After years spent outside of the art world, in the early 1960’s Alice Neel became a fixture on the scene. She began painting portraits of the artists, critics, curators and the various personalities that inhabited the cultural world New York. Robert Smithson, Andy Warhol, Annie Sprinkle and many other denizens of the art world became her subjects. In an interview she once said that she deliberately changed the style of her painting to incorporate the changing styles of clothes that people wore. In this way her paintings became in a sense, a form of social anthropology, revealing something about the character of the times she was living in as well as the character of her subjects.

In her later years, her paintings also became more open, leaving large areas of the canvas bare so that the viewer could fill in the space. Formally, it worked to lighten the paintings up, and gave her marvelous palette more breathing room to express a more abstract and expressive character than the earlier paintings, where the interiors were more fully depicted.

As the 1970’s approached, feminist artists such as Irene Peslikis, began championing her work and seeing in her art, a feminist vision as well as the work of a politically conscious artist- depicting people of color from different socio-economic circumstances. Her feminist journal Women & Art helped to promote Neel, and gain more recognition for her paintings. Indeed, in the exhibition, her portrait of Peslikis, A Marxist Girl, is a powerful and striking image. The way she positions her body: one leg draped with a casual air over the arm of the chair, her hand reaching up to hold the top of the chair behind her head- revealing her unshaved armpit: there is a nod to Matisse in this pose. The gaze in her eyes conveys strength and vulnerability, and the deeply saturated colors bring a depth and fullness to the subjective force of her personality.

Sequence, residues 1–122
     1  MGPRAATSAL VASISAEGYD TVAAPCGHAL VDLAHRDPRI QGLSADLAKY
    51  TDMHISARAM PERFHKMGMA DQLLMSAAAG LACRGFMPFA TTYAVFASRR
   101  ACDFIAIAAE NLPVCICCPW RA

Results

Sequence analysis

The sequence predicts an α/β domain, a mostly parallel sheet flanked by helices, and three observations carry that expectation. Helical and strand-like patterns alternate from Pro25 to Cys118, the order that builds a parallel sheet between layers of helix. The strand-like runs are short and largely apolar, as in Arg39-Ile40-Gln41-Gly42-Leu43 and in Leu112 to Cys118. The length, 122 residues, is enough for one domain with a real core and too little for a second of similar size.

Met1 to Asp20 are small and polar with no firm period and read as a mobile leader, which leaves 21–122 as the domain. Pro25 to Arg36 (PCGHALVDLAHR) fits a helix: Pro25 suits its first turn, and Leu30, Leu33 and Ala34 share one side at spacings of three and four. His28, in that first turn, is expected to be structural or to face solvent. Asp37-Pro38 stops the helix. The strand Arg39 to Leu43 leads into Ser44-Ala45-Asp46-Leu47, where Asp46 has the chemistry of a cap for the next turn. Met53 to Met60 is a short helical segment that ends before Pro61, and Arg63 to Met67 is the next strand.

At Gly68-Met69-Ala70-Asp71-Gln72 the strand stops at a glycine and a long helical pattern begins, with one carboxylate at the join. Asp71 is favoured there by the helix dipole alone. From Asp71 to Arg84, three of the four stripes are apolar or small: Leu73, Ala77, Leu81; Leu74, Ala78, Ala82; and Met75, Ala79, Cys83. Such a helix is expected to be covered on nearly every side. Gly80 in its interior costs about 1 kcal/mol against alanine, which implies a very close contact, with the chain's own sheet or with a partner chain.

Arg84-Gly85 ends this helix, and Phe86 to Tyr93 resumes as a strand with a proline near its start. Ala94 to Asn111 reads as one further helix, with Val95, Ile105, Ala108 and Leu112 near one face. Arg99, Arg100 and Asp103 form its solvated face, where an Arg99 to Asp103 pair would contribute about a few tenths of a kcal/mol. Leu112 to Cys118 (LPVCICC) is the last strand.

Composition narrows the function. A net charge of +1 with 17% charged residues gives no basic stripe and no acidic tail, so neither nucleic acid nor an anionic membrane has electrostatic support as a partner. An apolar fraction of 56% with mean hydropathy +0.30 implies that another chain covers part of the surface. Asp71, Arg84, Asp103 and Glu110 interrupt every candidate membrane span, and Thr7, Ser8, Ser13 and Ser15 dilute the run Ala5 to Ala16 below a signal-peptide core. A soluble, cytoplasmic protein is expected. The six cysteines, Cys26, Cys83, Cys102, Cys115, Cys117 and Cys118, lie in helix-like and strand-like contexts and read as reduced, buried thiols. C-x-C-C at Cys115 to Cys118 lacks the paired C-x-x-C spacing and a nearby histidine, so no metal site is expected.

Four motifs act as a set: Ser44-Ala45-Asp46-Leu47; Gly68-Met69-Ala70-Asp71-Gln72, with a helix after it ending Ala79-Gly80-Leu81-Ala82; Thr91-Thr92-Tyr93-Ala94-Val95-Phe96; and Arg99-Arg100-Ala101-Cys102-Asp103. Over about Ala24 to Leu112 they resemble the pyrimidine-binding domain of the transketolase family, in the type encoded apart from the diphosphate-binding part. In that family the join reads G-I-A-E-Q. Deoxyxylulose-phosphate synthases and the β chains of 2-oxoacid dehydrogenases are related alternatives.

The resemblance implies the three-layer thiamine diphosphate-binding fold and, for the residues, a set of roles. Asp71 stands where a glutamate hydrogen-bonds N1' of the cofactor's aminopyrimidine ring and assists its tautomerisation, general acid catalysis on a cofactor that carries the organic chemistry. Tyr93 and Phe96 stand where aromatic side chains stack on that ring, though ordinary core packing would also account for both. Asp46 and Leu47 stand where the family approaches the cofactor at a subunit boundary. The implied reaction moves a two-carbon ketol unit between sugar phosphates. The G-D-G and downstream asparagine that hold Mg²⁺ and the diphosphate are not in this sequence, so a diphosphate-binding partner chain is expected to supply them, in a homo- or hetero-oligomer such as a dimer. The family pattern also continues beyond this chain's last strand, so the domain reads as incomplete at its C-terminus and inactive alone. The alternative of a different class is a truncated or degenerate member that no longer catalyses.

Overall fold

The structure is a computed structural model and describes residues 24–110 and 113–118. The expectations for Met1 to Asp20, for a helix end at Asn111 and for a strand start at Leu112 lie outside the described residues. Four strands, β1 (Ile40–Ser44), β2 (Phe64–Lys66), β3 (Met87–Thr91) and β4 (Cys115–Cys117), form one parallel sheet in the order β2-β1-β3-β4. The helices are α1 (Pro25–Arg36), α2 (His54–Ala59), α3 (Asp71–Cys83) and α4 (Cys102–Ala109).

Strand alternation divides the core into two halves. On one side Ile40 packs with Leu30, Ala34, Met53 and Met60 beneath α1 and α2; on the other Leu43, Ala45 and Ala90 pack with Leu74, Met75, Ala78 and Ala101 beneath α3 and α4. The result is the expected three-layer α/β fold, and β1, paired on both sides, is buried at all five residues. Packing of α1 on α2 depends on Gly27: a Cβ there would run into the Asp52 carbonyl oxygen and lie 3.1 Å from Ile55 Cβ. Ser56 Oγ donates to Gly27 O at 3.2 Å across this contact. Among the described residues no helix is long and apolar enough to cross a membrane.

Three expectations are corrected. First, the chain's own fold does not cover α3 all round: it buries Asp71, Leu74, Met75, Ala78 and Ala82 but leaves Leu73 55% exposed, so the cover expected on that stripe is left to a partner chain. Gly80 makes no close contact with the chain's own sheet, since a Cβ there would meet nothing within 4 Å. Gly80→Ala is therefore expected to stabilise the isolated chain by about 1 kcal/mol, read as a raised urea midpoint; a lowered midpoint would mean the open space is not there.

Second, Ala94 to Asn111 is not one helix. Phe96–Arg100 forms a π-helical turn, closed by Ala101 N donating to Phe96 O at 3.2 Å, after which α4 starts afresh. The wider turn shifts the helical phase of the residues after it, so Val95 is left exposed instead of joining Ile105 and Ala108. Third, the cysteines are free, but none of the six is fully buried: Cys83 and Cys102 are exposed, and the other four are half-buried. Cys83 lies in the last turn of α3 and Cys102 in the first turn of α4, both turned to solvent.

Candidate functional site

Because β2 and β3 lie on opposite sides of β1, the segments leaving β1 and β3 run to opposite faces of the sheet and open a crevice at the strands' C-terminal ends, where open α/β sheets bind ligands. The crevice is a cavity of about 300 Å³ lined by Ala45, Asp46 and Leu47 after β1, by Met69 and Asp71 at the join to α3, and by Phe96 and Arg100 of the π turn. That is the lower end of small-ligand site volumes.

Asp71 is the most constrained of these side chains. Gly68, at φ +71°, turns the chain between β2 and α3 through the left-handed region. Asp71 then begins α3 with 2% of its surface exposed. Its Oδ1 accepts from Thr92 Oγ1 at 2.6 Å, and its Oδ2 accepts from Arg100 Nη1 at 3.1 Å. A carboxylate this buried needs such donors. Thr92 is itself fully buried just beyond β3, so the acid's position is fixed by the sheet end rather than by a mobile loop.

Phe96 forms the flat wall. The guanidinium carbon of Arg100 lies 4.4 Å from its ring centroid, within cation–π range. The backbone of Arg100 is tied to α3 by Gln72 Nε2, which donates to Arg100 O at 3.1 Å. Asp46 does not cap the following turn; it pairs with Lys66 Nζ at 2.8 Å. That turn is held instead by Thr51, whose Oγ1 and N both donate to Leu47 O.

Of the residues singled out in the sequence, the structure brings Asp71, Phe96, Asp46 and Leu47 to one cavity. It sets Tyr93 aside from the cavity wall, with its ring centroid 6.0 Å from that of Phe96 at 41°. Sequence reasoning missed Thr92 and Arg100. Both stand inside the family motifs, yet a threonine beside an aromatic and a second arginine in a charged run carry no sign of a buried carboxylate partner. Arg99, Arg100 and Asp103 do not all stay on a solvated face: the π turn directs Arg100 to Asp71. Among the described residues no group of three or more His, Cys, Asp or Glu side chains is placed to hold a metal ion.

But ultimately during her lifetime, I believe that it was her nude self-portrait at the age of eighty that really brought Neel the acclaim she had long deserved. In it, one can sense her power and honesty. Below, I wrote these words that came to me as I stood before her self-portrait, channeling the thoughts that I felt she might have been communicating in this marvelous painting filled with humor, confidence and a sublime wit.

I sit naked on my chair, a paintbrush in my hand, like a scepter of some domain over which I reign, or a magic wand with which I part the clouds of illusion and reveal the interior life of my subjects. Though gravity and time pull at my body- my sagging breasts and the weight of my eighty years of existence cascading downwards- my soul is upright, my mind is a clarion note that pierces through the vanity of self. I look out at you through the decades and I say, I am an artist who has outlived vapid passing trends, and despite the efforts of critics and naysayers who have tried to nullify my truth, I now stand before you, knowing that you too can see my accomplishments. People come first, and the interior life of a person stands through time as a subject worthy of the highest regard in painting.

What I find most fascinating about this moment- when the depth of her accomplishment is being seen with fresh eyes- is how a return to portraiture has elevated and clarified the profound human complexity which her paintings achieved. As many young artists, and especially young African American artists, have brought this once maligned genre back into the fore, often with a definitive political ethos, Alice Neel is finally seen in a new light.

It is always fascinating to see the vicissitudes of fate ebb and flow through time and change the way that we see something- something that was always there. And it is especially lovely that someone who gave so much of herself to her work is now revered for her brilliant contribution.

When I visited the Metropolitan Museum in New York to see this show, the galleries were filled with people looking long and hard at these paintings. It was like a conversation was taking place, one that has lasted for millennia but has never grown old.

Alice Neel: People Come First
Metropolitan Museum of Art, New York
1000 5th Ave, New York, NY 10028